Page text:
Many Icelanders have spent quite a bit of time on social media decrying the impending ecological collapse of the shark populations around Iceland. The demand for hákarl, a putrefied shark snack, has been driven to unsustainable levels due to tourists. Icelanders, by and large, do not really eat hákarl, but it is an item on almost every adventurous tourist’s “to-do” list.
However, scientists have recently seen an increase in the shark population, with a heavy cluster found around Reynisfjara. This is good news for shark fans and tourists alike.
“Perhaps the water has warmed up from global warming?,” said Loftur Benediktsson, Minister of Science and Sea. “But there isn’t strong enough evidence that global warming will affect Iceland. It’s most likely that the sharks have found a new food source.”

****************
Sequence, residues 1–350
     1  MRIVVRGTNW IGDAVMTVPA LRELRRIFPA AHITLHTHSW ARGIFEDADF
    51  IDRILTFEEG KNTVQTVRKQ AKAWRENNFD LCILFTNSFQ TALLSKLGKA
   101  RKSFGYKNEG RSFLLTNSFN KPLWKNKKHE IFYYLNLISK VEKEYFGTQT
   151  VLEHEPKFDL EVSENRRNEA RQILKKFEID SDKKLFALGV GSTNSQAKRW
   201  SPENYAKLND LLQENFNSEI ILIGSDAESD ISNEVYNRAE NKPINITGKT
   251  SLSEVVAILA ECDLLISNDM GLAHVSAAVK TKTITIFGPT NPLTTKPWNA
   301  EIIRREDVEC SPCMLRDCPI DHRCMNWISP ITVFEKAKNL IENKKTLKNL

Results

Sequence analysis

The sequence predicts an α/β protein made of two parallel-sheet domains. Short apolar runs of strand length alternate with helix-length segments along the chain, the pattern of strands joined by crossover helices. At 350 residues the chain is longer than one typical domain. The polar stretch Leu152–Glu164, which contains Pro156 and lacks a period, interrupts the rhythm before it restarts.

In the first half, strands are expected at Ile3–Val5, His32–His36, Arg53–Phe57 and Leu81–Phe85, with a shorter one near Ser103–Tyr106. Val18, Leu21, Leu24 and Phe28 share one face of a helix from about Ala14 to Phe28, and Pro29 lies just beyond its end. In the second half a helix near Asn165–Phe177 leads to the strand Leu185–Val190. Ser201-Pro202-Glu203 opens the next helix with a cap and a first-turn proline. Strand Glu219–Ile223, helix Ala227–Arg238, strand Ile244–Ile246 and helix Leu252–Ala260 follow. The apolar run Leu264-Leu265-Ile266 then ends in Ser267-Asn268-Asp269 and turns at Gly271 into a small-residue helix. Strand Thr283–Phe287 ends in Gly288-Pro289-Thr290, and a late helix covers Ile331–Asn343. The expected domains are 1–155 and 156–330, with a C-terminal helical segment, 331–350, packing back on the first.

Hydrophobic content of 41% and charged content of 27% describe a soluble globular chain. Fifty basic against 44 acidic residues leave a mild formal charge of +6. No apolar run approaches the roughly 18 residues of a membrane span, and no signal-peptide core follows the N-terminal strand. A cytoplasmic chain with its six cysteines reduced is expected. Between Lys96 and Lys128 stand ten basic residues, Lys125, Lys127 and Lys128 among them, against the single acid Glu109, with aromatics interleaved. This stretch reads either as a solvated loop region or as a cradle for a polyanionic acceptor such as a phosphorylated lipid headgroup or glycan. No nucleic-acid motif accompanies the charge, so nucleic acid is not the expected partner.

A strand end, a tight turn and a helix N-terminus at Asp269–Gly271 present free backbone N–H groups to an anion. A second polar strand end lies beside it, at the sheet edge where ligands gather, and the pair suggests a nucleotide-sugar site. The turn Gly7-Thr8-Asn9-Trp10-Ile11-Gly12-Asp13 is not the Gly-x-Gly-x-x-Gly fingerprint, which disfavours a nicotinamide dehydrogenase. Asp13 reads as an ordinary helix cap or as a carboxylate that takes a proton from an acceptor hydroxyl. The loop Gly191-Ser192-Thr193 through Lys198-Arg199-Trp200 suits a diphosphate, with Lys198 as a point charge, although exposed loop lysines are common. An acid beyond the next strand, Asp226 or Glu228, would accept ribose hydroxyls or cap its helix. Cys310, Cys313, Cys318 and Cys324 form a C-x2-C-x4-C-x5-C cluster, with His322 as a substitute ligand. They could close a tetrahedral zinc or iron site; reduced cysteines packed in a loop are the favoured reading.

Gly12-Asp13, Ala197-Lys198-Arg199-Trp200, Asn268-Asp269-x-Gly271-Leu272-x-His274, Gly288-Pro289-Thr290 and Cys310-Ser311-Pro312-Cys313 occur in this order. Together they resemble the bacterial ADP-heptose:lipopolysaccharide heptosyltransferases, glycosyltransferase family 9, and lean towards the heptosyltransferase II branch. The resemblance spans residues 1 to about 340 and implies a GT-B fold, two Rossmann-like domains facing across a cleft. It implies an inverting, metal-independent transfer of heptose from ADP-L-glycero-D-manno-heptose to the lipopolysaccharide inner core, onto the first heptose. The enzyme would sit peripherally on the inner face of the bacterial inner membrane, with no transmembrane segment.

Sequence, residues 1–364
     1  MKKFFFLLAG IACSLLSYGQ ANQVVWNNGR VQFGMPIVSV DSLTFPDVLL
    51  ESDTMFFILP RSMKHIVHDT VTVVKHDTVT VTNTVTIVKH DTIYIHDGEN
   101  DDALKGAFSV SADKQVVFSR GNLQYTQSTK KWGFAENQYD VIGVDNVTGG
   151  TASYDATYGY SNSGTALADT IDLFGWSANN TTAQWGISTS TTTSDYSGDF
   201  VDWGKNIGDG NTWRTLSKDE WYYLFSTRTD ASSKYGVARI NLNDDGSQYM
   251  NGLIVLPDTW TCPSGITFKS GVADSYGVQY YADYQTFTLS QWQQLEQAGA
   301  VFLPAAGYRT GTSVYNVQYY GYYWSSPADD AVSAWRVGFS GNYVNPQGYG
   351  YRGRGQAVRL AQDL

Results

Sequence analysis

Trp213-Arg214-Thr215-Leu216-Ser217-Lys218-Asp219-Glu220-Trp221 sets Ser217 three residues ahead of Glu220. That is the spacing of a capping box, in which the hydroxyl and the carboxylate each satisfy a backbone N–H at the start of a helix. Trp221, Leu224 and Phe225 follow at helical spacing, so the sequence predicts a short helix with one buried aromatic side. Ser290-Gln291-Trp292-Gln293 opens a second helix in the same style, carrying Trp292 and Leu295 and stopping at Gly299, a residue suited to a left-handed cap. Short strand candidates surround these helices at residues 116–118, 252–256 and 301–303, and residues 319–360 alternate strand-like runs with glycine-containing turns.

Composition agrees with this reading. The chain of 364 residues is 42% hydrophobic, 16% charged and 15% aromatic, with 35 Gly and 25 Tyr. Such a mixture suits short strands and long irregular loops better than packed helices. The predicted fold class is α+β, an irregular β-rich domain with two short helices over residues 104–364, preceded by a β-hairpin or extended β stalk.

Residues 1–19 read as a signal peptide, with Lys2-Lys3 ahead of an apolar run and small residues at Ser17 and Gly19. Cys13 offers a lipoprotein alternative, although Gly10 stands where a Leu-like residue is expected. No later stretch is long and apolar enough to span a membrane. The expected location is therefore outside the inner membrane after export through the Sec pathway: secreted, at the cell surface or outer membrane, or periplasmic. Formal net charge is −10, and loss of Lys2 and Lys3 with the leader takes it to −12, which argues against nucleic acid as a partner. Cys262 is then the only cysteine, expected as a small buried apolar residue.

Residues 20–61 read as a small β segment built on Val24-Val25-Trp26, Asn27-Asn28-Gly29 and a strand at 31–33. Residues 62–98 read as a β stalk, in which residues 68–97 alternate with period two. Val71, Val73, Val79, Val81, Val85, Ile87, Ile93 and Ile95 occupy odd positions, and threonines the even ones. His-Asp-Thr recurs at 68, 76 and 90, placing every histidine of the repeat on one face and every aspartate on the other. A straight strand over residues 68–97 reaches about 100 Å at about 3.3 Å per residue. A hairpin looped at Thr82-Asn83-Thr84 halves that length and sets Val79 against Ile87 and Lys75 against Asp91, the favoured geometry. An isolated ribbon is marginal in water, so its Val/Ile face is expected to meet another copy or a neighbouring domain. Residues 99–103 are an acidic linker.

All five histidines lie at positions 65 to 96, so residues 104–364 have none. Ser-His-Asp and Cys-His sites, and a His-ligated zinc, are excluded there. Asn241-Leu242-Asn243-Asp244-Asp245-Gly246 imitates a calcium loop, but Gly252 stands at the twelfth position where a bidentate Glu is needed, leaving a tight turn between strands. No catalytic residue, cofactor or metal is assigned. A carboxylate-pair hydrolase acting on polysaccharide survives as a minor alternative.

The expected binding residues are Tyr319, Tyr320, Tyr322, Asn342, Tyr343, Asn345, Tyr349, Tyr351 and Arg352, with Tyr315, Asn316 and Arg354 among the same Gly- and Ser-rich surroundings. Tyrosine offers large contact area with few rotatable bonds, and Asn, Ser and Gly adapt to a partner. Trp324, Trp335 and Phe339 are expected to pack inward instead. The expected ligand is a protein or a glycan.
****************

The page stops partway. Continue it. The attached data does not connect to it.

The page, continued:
Whatever the case, the Icelandic Tourism Board is thrilled they can keep promoting the sale of hákarl and brennivín, with the number of tourists estimated to be over 11.5 million in 2041.
“If the tourists are happy, the sharks are happy,” said Icelandic Tourism Board shark specialist Björk Halldórsdóttir. “We need to keep a steady balance, a steady shark to tourist ratio. We don’t want people to lose interest in Iceland and make it a less popular destination. Right now, I think it’s pretty good. Where else in the world are shark populations on the rise?”
Whatever your opinion on tourists in Iceland. One thing we know for certain is that the sharks are happy.
Additional reporting by Bruce Resling, a former lobbyist for the Hákarl Union, JWS (local) 1975.